And a bird flew up out of the turret,
Above the Traveller’s head:
the children may have responded with something like:
At the flight of the bird the Listeners’ ears
Pricked at the sound of their wings;
Use a visualiser if possible to show the children examples and analyse how the punctuation helps us understand that the Traveller is alone while the Listeners are not.
Assessment (measuring achievement)
Assessment for learning
There are aspects of learning you will need to be sure the children have experienced and understood that are not a part of the lesson detailed above, for example the other uses of the apostrophe (to indicate contractions or omissions). It is important that they are clear what an apostrophe is and on the difference between omission and possession.
The starter activity will enable you to assess the children’s level of understanding regarding the use of possessive apostrophes.
Identify the way apostrophes are used in the original poem to model the use of the genitive case with singular nouns.
Assessment at the point of learning
The lesson offers several checkpoint opportunities for you to monitor the application of learning and address misconceptions.
The use of whiteboards enables you to check all pupils have remembered the conventions of plurals and apostrophes.
During the drafting process, monitor the pupils’ use of punctuation when writing about the Listeners. Make a note of any children who may need further intervention, and provide guided support (either from you as the teacher or a teaching assistant) during this section of the lesson for those who need it as part of differentiation.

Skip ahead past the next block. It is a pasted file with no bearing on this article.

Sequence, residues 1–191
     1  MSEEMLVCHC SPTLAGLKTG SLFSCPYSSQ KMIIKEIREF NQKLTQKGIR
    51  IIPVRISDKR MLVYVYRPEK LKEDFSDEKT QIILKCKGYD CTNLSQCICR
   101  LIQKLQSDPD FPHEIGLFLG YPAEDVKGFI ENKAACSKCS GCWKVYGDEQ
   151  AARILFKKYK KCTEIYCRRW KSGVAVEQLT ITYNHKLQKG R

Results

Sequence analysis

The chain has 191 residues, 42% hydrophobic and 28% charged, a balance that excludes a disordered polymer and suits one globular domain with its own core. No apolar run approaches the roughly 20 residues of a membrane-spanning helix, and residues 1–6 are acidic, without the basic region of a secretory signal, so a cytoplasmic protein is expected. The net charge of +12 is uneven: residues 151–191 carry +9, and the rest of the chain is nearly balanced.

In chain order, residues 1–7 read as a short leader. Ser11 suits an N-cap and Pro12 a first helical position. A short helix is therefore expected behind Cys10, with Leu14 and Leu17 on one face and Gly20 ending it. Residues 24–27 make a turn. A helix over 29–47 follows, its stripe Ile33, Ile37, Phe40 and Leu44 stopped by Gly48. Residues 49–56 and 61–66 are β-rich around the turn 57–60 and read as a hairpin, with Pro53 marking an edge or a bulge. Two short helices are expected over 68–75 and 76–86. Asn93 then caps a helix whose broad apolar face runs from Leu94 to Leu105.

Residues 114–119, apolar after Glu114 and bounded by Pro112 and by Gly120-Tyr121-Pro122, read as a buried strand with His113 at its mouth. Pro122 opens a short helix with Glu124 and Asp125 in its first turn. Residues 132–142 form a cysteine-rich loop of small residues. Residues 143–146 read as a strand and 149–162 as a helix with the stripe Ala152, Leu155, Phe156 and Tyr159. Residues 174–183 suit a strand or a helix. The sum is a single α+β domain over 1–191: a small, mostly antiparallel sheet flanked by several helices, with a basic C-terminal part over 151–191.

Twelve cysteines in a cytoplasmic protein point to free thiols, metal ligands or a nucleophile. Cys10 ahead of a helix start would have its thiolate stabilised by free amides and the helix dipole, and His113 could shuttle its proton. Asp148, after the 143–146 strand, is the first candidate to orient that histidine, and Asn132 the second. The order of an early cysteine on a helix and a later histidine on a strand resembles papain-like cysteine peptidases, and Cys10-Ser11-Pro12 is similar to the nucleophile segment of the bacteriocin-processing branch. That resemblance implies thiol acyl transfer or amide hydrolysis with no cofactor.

Assessment of learning
The correct application of the possessive apostrophe and the plural -s will demonstrate children’s ability to meet the key objective, which is:
To use the possessive apostrophe accurately in words with regular plurals (for example, girls’, boys’) and in words with irregular plurals (for example, children’s).
It will also indicate their understanding of the grammatical difference between the different -s morphemes. Any errors in the use of the genitive case or -s as a morpheme in the drafts of the poems need to be analysed to see if they are indicators of an underlying misconception or just mistakes through carelessness.
Prior learning. If pupils have not consolidated their understanding of singular and plural nouns as well as the use of the possessive apostrophe they will find it difficult to recognise how the two work together.
Reluctant writers/poor planners. Pupils who rush to finish tasks rather than considering the audience and purpose are more likely to make mistakes in the application of punctuation for grammatical meaning. Teaching children to use a range of planning formats and allowing them to choose the one that works for them for each task can help them consider their ideas more carefully; also, by making the use of punctuation part of the explicit success criteria you will encourage them to consider it during the writing rather than add it afterwards.
For more lesson inspiration and for the theory behind how to develop good lessons, see the Lessons in Teaching Series.